Originally published by Entertainment.ie, Monday 5th August, 2013. To read the original, please click here
Primarily known in the US as runners-up in the sixth season of America’s Got Talent, Denver’sThe Silhouettes comprises of 42 dancers, aged between 4 – 18, all performing in – you’ve guessed it – silhouette. Entitled “The Journey of Love”, The Silhouettes’ Olympia show tells the story of two children, Annie and Johnny, and their respective journeys through life and their own, unique bond.
Making versatile use of visuals, dialogue and a song – driven soundtrack push the narrative along, which is also complemented by screen visuals of locations as diverse as Paris, Arizona, Ireland and the Middle East. Flexible and resourceful as only the best dancers and performers are, the cast members transform themselves in silhouette to rocking chairs, trees, desks and animals, all of which perfectly integrate with the narrative.
The story of Johnny, in particular, is one of a young man growing up on the road: wandering across America and, eventually, the wider world, his whole life in a backpack. In an age where 93% of Leaving Cert. students have Facebook accounts, it’s a refreshing call for young people to embrace the outdoors and, in its better moments, almost resembles a children’s version of Sean Penn’s “Into the Wild”.
Annie, the female character in the story, leaves Johnny on the road and goes to Hollywood to pursue a career as a dancer. After a 15 minute interval, an obligatory R&B / hip-hop performance ensues, flagging Annie’s move to Hollywood. It’s with Annie’s character that the production takes the most risks, whether it’s the story of Annie’s drink being spiked at a Hollywood party or her being groomed by a Broadway director while trying to make her name on the New York stage, all which stretch the interest of the production to an older, mid-to-late teens audience.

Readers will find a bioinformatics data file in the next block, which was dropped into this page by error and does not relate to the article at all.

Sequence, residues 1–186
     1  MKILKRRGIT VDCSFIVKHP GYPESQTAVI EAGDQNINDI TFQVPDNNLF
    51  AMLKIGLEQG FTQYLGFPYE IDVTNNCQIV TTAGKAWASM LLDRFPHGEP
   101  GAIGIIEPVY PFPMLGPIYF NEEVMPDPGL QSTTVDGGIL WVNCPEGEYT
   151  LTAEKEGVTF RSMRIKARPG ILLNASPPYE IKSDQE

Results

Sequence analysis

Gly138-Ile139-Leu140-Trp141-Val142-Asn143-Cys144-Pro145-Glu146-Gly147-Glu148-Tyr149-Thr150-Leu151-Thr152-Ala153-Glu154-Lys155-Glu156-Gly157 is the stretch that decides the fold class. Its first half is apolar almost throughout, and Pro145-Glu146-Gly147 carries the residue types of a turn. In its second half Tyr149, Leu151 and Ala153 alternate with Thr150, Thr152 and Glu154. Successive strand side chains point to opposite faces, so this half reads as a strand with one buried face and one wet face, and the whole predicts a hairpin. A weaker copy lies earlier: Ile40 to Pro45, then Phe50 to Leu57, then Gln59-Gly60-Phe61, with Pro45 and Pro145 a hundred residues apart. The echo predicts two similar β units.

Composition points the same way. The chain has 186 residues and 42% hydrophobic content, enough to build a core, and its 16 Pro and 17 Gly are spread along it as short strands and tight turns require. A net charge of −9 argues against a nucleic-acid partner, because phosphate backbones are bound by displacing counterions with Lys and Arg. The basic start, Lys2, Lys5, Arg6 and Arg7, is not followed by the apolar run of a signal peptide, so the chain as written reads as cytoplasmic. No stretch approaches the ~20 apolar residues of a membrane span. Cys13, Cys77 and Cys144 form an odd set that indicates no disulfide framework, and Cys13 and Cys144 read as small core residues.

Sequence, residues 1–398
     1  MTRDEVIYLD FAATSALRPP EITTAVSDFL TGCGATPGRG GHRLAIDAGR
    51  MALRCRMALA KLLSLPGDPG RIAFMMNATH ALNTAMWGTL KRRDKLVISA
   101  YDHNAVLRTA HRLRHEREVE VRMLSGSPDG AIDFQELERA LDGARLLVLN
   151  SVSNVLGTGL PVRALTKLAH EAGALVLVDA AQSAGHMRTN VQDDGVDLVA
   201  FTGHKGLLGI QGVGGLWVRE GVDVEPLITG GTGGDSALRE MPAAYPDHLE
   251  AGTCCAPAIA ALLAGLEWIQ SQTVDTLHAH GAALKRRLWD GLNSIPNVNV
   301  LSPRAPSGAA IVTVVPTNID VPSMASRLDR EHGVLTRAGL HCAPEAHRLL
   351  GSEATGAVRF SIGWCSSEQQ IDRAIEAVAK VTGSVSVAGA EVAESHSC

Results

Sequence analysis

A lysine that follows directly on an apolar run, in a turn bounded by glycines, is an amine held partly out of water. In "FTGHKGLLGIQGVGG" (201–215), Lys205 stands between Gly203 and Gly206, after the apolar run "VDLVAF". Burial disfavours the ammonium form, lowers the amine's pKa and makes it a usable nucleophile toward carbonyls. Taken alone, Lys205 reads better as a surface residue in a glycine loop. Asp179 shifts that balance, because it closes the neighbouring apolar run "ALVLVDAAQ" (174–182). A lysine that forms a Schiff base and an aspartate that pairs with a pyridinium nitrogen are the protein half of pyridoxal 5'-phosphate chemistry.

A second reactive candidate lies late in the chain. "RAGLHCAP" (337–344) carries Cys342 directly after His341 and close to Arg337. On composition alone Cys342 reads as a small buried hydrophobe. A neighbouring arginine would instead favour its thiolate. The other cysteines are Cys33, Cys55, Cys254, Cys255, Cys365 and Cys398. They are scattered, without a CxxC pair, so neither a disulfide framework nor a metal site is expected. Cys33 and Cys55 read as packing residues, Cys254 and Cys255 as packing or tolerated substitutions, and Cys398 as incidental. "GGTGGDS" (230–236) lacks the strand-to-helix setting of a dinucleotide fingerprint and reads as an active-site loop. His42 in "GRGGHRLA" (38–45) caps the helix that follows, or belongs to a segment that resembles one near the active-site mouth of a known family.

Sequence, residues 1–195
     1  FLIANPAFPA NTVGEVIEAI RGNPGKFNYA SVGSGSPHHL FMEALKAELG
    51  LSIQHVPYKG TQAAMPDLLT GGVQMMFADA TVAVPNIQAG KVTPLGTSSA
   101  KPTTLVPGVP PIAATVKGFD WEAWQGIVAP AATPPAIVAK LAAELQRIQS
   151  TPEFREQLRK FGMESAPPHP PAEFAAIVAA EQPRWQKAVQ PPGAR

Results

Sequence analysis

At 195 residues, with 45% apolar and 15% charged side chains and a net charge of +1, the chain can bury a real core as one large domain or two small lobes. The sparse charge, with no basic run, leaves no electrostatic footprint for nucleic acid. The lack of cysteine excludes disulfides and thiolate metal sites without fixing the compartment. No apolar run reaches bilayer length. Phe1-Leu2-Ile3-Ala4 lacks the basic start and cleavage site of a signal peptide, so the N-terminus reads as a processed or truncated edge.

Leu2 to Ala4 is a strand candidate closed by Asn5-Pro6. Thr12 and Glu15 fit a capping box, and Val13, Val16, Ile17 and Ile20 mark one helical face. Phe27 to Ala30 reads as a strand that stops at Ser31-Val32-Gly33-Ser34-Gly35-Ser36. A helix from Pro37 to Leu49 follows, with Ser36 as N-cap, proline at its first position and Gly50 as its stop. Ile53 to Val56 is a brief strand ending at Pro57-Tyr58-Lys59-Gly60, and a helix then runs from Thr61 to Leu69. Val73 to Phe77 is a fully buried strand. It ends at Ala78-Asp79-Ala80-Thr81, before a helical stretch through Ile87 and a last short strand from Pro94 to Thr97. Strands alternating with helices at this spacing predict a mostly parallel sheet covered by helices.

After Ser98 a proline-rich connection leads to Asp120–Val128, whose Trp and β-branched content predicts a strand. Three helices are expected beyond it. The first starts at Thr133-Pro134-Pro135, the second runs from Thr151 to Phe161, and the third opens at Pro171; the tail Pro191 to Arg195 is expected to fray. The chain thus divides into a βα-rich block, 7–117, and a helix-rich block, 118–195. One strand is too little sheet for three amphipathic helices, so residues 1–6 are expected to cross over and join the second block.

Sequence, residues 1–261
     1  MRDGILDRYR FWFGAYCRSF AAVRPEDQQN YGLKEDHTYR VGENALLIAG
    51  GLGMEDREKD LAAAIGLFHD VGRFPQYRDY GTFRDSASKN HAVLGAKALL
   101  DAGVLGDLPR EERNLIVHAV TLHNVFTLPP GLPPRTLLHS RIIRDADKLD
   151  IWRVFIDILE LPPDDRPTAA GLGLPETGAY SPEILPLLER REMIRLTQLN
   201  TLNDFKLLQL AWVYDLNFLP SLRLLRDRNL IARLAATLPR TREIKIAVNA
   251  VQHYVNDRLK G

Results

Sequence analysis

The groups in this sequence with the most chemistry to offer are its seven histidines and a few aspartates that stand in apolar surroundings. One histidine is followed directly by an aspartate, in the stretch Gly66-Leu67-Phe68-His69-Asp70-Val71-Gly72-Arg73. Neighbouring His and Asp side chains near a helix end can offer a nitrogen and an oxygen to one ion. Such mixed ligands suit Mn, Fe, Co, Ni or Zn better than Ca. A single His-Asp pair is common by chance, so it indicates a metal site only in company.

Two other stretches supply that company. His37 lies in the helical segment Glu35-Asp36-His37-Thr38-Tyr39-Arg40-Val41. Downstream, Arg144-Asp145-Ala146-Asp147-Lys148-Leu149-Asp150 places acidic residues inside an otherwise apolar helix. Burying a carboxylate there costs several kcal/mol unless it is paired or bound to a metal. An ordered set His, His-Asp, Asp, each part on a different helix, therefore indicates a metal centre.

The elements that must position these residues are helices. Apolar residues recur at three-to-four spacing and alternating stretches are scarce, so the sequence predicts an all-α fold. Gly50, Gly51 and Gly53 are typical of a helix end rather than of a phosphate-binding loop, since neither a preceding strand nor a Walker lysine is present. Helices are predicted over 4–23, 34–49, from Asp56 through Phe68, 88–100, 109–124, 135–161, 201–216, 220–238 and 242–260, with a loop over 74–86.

It is, however, an ill-judged flirtation with American patriotism that taints the production. Mid-way through Act Two, a Christina Aguilera-ised version of “God Bless America” is performed against a visual of the Stars and Stripes. This irony-free performance elicits cynical laughter from the older members of the audience. Certainly, the “God Bless America” segment sets up Johnny’s enlisting in the army, but it unnecessarily overshadows the story.
Injured in combat and subsequently shipped back home, Johnny is treated in a veteran’s hospital back home in America. The staff at the hospital contacts Annie to inform her that Johnny is confined to a wheelchair. When Annie visit’s a wheelchair-bound and stunned Johnny, he emerges from the wheelchair, walking again, which makes one wonder why there isn’t a Televangelist on stage declaring “God Bless, Hallelujah! It’s a miracle!’
All that said, The Silhouettes’ “The Journey of Love” is, for sheer originality and pure innovation, worth the price of admission alone: a unique live performance that must be seen live. While it doesn’t do enough to reach out to an older audience, such as, for example, the Shrek series did, it serves its children’s audience more than well.
Star rating: 3 / 5
Venue: The Olympia Theatre
Written by: Lynne Waggoner-Patton
Directed by: Lynne Waggoner-Patton
Cast: The Silhouettes
The Silhouettes “The Journey Of Love” runs in The Olympia Theatre from 2nd – 18th August at 7.30pm. Tickets on sale now from €19.50. For more information and to book tickets go to www.olympia.ie